In addition to bears, visitors can see many other different types of wildlife, including a moose, seen here crossing the Brooks River
In addition to bears, visitors can see many other different types of wildlife, including a moose, seen here crossing the Brooks River
Courtesy of the National Park Service, Mark Wagner

Contact with Russian fur traders, particularly those looking for sea otter, changed Eskimo culture. Beginning in the mid-1700s, Russian traders began using established trails to reach into the park area to trade with native populations. Centered on Kodiak and the Sheikh of Strait at the eastern border of the park today, Russian trading upended native traditions by the 1780s. Trade that the Russian American Company directed particularly subsumed native life ways. In the park, the today abandoned Katmai Village was the hub of commercial activity from 1799 until the purchase of Alaska by the United States in 1867. Following this purchase, trade shifted from sea otter to salmon. Though prospectors tried to settle the area, the creation of the park in 1918 and its considerable later expansions prevented large-scale well-established settlement and use of the area as a hunting ground. Native populations hold the rights to some lands within the park, however, and traditional uses of the land continue.

Other First Alaskan settlement camp sites throughout the park are not well documented. They are difficult for visitors to reach and do not offer the interpretive exhibits that Brooks Camp provides. These sites include the Savonoski River Archeological District, the Kaguyak Village Site, the Kukak Village Site, and the Takli Island Archeological District. Some, like the Kaguyak Village Site, reflect more contemporary settlement, including Russian contact in the 1950s. Others, like Takli Island, contain very old artifacts from between 4,000 and 1,000 BC.

Katmai offers hiking, camping, fishing, boating, and touring the Valley of Ten Thousand Smokes, which is a remnant of the 1912 volcano eruption. Several lodges provide opportunities to stay in the park. A bus runs daily from Brooks Camp to the Valley of Ten Thousand Smokes. Organized bear watching is available at Brooks Camp where rangers lead walks and other programs in the summer. Private entities operate other guide and tour services within the park, including sightseeing by air. Camping facilities and food service are available at Brooks Camp.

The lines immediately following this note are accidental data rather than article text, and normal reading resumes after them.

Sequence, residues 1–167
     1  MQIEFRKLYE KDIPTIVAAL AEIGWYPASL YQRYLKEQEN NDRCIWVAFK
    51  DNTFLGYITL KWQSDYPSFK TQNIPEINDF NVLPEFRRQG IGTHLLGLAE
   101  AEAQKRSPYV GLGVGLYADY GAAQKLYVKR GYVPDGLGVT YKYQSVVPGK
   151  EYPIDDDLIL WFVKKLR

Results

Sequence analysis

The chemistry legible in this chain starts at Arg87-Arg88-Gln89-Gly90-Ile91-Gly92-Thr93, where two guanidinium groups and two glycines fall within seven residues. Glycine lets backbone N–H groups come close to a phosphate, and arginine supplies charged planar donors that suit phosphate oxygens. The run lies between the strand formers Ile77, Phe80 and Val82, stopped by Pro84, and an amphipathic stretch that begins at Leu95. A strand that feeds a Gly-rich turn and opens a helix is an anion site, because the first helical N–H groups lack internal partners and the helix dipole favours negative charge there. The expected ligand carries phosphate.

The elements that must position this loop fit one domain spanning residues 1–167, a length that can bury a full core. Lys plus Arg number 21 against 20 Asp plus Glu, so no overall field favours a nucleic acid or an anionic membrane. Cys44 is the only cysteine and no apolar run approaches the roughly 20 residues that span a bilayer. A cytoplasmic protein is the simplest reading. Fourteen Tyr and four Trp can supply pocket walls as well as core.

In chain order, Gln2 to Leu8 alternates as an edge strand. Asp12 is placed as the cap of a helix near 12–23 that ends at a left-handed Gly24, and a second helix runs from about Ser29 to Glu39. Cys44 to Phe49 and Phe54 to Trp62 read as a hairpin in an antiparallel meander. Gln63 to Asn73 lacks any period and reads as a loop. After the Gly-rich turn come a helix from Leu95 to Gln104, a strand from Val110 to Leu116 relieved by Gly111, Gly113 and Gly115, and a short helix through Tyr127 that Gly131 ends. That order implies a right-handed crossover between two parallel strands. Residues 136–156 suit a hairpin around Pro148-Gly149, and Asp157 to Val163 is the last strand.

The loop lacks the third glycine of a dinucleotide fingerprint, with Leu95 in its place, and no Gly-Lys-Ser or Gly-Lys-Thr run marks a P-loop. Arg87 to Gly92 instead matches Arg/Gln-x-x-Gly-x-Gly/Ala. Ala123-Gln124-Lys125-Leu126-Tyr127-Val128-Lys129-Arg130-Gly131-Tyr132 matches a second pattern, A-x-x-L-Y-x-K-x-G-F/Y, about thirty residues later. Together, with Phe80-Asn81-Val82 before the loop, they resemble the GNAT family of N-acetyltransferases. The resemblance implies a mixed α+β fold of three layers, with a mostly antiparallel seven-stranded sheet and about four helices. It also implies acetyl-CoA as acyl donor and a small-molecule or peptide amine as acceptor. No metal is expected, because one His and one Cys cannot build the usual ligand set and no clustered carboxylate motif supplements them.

Plan your visit

Katmai National Park and Preserve, a unit of the National Park System, is located along the Alaska Peninsula, approximately 300 miles southwest of Anchorage, AK.  The park headquarters is in King Salmon, AK next to the airport.  Within Katmai, the Brooks River Archeological District has been designated a National Historic Landmark. A number of sites within Katmai have been listed in the National Register of Historic Places. 

Katmai may only be visited by air or boat.  Commercial air service or air taxi service connects to the visitor center at King Salmon.  From there, visitors wishing to travel into the park must take an air taxi or boat.  The visitor center at King Salmon maintains seasonal hours, and the food and lodging facilities at Brooks Camp are offered between June and September.  The park and preserve are open year-round.  For more information, visit the National Park Service Katmai National Park and Preserve website or call 907-246-3305.

Within Katmai, two buildings have been documented by the National Park Service’s Historic American Buildings Survey.  Roy Fure’s Trapping Cabin and the Russian Orthodox Church at Savonoski are both related to life in the park following the 1912 volcano eruption. Click here for the National Park Service Archeology Program's article on the Brooks River.